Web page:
Two veteran Republican state lawmakers are facing off in a GOP primary on Tuesday in southeast Missouri, hoping to replace term-limited State Sen. Wayne Wallingford, R-Cape Girardeau.

State Rep. Holly Rehder, R-Scott City, is facing State Rep. Kathy Swan, R-Cape Girardeau. Both chair key committees: Rehder chairs the House Rules Committee, while Swan chairs the House Workforce Development Committee.

State Sen. Wayne Wallingford, R-Cape Girardeau, presides over the Missouri Senate on May 15, 2020 (file photo courtesy of Jonathan Lorenz at Senate Communications)

Both GOP primary candidates were elected to the Missouri House in 2012 and are finishing their eighth and final year in the chamber, due to term limits.

The 27th senatorial district has six counties: Bollinger, Cape Girardeau, Madison, Perry, Scott and Wayne. Cities and towns in the district include Cape Girardeau, Chaffee, Fredericktown, Jackson, Marble Hill and Perryville.

Cape Girardeau County, which has about 79,000 residents, is the largest county in the district.

The winner of the Rehder-Swan primary will face Marquand Democrat Donnie Owens in November.

Representative Swan is focusing her campaign on many issues, including education and workforce.

“I’ve been successful in passing over 30 different pieces of legislation regarding not only education and workforce, but parenting,” Swan says.

Swan describes education as the largest economic driver we have, to support the state itself.

She also says she’s focused on issues that have happened in Cape Girardeau. She notes she passed legislation to keep registered sex offenders out of Cape Girardeau’s Discovery Play House, which is a children’s museum.

Swan also emphasizes the importance of protecting and supporting law enforcement, and the Second Amendment. She is critical of St. Louis Circuit Attorney Kim Gardner for filing felony charges in July against Mark and Patricia McCloskey.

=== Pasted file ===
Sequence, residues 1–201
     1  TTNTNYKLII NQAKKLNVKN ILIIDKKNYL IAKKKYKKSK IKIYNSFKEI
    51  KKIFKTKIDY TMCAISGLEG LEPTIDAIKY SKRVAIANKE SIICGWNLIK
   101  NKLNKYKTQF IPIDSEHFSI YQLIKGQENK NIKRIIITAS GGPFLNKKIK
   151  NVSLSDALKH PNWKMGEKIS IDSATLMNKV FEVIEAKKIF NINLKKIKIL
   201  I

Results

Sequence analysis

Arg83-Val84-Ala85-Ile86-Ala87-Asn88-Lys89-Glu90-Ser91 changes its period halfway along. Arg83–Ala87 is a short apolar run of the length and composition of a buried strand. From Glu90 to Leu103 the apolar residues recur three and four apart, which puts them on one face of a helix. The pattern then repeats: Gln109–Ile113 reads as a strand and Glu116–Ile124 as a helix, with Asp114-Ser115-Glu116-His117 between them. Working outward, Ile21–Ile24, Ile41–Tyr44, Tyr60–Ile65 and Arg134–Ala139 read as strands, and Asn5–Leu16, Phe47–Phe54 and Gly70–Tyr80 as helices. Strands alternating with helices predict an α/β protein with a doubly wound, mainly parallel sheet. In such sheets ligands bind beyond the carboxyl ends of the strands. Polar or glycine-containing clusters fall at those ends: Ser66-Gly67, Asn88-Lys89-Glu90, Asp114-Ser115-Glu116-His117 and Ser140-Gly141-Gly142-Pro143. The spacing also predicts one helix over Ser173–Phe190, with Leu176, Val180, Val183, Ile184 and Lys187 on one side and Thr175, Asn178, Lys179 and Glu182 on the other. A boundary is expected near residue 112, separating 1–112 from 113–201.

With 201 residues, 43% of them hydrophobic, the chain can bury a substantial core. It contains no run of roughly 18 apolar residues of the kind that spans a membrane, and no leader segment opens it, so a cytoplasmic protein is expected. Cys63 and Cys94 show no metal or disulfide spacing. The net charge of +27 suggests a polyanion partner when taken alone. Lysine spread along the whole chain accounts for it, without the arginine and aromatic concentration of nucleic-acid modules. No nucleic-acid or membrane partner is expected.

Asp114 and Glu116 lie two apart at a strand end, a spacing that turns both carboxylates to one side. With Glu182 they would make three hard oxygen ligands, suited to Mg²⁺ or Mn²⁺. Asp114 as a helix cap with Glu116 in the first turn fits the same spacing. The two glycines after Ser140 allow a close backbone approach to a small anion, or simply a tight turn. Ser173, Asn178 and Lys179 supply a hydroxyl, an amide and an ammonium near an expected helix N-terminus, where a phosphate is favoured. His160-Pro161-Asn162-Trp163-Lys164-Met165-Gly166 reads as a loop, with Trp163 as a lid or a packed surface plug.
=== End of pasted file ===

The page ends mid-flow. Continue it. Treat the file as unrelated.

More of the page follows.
As for Representative Rehder, one of her top priorities is addressing Missouri’s opioid epidemic and passing prescription drug monitoring program (PDMP) legislation. Missouri is the only state in the nation without a PDMP, which is an electronic database that collects data on controlled substance prescriptions within a state.

While both the Missouri Senate and House approved PDMP this year, they passed different versions. The bill died on the final day of session in May. Rehder has sponsored the bill for eight years. She notes her daughter was an addict, but is doing well now.

In addition to getting PDMP passed, Rehder says she will focus on reducing the size of government, if elected to the Senate. She says Missouri needs a smaller government, and is opposed to tax increases.

“Push back on these things like the $18 million going to free college for adults. We have got to get back to what government is supposed to do. We need to be more efficient with our monies,” Rehder says.

Rehder also emphasizes the importance of protecting and supporting law enforcement.

During separate phone interviews with Missourinet late last week, Swan and Rehder also criticized each other’s records.

Swan tells Missourinet that she has a record as a small business owner and nurse, while she says Rehder was a lobbyist for 17 years.

“She has skipped 801 votes, she skipped 29 pro-life votes, voted five times no and took money from the human cloning industry,” says Swan.

Swan notes she has been endorsed by Missouri Right to Life. She says she sponsored and co-sponsored seven abortion-related bills and passed two of them.

In response, Rehder notes all legislators miss votes, especially during Senate committee hearings on House bills. Rehder says that Swan has missed hundreds of votes, adding that Swan doesn’t have a record that southeast Missourians want.

“You have me, smaller government, lower taxes,” says Rehder. “You have her, who’s voted for every single tax increase, who sponsored the bill for $18 million going to free college for adults.”

Rehder is referring to Missouri’s “Fast Track” program. It’s primarily taught at community colleges, technical schools and colleges and universities. It is aimed at allowing Missourians to receive advanced training in high-demand areas.

Despite their differences, the two candidates have similar positions on small business, and have called for more jobs in rural Missouri.

Wayne Wallingford serves as the Missouri Senate’s Assistant Majority Floor Leader. He was elected to the Senate in 2012 and was re-elected in 2016.

He also served one term in the Missouri House, after being elected in 2010. Wallingford, who will leave the Senate in December, is running for Representative Swan’s House seat, in Tuesday’s primary.

Click here to listen to Brian Hauswirth’s full interview with State Rep. Kathy Swan, R-Cape Girardeau, which was recorded on July 30, 2020:

Click here to listen to Brian Hauswirth’s full interview with State Rep. Holly Rehder, R-Scott City, which was recorded on July 31, 2020:

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